If you have a grandfathered plan, make sure to include information about the plan’s grandfathered status in plan materials describing the coverage under the plan, such as summary plan descriptions (SPDs) and open enrollment materials. Model language is available from the DOL.

  • Notice of Patient Protections

Under the ACA, non-grandfathered group health plans and issuers that require designation of a participating primary care provider must permit each participant, beneficiary and enrollee to designate any available participating primary care provider (including a pediatrician for children). Also, plans and issuers that provide obstetrical/gynecological care and require a designation of a participating primary care provider may not require preauthorization or referral for obstetrical/gynecological care.

If a non-grandfathered plan requires participants to designate a participating primary care provider, the plan or issuer must provide a notice of these patient protections whenever the SPD or similar description of benefits is provided to a participant, such as open enrollment materials. If your plan is subject to this notice requirement, you should confirm that it is included in the plan’s open enrollment materials. Model language is available from the DOL.

 

Group health plan sponsors should consider including the following enrollment and annual notices with the plan’s open enrollment materials.

  • Initial COBRA Notice

Plan administrators must provide an initial COBRA notice to participants and certain dependents within 90 days after plan coverage begins. The initial COBRA notice may be incorporated into the plan’s SPD. A model initial COBRA Notice is available from the DOL.

  • Notice of HIPAA Special Enrollment Rights

At or prior to the time of enrollment, a group health plan must provide each eligible employee with a notice of his or her special enrollment rights under HIPAA.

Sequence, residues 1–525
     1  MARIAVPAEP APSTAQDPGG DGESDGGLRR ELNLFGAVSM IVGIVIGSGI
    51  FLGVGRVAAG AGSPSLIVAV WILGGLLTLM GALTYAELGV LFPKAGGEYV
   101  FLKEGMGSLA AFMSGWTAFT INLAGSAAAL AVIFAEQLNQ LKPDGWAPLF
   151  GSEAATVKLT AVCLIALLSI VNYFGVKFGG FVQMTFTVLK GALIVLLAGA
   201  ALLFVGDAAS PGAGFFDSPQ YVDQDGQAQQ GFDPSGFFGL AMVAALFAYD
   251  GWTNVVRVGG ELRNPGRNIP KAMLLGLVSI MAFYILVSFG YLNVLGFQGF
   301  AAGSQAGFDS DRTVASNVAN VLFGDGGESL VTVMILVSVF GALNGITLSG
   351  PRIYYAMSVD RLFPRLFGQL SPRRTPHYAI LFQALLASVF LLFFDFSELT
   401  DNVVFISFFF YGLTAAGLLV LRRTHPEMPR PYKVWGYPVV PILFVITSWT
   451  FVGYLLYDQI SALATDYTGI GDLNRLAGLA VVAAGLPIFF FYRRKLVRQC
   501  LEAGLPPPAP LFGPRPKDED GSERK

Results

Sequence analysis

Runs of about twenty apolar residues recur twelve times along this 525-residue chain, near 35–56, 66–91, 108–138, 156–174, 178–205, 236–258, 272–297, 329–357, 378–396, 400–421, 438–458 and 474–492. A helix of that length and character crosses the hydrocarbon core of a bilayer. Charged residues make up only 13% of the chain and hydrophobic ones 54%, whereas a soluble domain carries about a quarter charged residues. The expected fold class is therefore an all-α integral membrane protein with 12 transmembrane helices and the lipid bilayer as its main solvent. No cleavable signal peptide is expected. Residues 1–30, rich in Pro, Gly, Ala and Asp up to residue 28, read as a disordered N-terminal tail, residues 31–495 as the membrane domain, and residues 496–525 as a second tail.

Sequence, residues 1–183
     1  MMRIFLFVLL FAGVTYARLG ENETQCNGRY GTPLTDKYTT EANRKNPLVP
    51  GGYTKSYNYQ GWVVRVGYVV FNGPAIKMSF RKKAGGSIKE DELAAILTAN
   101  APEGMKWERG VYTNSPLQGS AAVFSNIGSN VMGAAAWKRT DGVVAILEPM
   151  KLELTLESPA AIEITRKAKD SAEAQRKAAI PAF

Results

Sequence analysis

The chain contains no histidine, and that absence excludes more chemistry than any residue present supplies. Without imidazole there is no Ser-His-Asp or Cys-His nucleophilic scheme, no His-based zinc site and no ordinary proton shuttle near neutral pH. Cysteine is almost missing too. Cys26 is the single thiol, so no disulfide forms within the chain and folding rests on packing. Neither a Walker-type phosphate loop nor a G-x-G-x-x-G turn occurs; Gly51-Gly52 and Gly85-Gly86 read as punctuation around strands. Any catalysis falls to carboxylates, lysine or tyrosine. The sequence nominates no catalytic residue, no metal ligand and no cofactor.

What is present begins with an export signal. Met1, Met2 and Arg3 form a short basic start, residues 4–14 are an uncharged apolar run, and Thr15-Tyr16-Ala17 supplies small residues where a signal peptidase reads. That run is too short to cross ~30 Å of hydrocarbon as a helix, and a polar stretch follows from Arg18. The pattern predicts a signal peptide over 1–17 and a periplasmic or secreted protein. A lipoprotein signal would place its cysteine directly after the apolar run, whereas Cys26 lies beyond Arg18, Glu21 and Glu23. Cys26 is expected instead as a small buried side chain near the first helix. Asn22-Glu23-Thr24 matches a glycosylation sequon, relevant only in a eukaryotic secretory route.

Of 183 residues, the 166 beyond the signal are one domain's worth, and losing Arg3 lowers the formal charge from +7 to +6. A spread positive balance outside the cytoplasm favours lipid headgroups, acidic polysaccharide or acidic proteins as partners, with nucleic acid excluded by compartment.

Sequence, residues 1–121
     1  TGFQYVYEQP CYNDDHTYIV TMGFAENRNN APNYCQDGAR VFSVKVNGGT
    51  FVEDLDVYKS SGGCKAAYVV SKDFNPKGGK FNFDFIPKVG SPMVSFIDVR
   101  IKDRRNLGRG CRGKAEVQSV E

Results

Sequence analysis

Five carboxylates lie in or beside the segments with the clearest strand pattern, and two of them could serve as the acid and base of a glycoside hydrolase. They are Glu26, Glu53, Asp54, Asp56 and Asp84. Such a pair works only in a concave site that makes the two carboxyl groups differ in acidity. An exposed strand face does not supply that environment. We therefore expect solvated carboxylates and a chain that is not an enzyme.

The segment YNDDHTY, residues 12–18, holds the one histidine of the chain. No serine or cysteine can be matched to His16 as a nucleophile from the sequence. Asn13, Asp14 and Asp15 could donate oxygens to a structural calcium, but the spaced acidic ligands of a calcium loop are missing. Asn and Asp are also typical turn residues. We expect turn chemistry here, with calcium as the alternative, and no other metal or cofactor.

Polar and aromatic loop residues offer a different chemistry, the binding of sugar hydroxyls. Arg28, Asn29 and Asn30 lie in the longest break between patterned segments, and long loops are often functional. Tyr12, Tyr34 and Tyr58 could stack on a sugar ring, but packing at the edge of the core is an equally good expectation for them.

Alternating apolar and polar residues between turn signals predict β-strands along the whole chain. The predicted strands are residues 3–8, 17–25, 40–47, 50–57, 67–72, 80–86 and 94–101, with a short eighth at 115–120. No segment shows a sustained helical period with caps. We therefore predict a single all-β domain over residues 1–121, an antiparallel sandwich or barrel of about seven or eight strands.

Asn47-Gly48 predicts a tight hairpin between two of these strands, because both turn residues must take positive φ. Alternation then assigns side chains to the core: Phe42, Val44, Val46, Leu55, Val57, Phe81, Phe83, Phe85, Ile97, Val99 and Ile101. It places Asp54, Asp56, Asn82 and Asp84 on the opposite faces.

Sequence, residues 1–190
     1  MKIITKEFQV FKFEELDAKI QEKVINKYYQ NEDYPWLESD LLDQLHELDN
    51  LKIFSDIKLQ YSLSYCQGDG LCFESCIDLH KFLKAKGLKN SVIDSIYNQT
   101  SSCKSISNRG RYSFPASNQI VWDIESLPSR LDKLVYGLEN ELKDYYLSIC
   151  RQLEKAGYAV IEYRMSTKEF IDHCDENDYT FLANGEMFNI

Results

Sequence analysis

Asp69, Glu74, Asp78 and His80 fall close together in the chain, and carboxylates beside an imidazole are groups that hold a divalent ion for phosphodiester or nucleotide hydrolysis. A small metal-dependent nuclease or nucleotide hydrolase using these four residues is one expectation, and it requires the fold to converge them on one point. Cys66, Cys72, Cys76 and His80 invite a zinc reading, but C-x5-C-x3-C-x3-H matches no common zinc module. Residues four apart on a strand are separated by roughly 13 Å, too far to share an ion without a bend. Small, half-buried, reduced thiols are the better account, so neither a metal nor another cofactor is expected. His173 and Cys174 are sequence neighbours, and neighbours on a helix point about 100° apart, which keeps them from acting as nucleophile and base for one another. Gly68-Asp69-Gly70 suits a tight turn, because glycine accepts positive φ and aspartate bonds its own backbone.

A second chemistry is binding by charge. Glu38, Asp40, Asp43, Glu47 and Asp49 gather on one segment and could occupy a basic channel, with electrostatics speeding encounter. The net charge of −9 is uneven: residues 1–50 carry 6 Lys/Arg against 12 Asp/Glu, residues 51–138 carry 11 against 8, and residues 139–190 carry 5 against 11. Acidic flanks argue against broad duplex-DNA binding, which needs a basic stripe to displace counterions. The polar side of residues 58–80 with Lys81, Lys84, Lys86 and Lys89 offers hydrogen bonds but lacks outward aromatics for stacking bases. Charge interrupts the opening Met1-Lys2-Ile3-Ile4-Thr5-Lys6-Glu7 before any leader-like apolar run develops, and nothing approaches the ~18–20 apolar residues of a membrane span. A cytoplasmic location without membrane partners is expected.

• Annual CHIPRA Notice

Group health plans covering residents in a state that provides a premium subsidy to low-income children and their families to help pay for employer-sponsored coverage must send an annual notice about the available assistance to all employees residing in that state. The DOL has provided a model notice.

  • WHCRA Notice

Plans and issuers must provide notice of participants’ rights under the Women’s Health and Cancer Rights Act (WHCRA) at the time of enrollment and on an annual basis. Model language for this disclosure is available on the DOL’s website in the compliance assistance guide.

  • Medicare Part D Notices

Group health plan sponsors must provide a notice of creditable or non-creditable prescription drug coverage to Medicare Part D eligible individuals who are covered by, or who apply for, prescription drug coverage under the health plan. This creditable coverage notice alerts the individuals as to whether or not their prescription drug coverage is at least as good as the Medicare Part D coverage. The notice generally must be provided at various times, including when an individual enrolls in the plan and each year before Oct. 15 (when the Medicare annual open enrollment period begins). Model notices are available at www.cms.gov/creditablecoverage.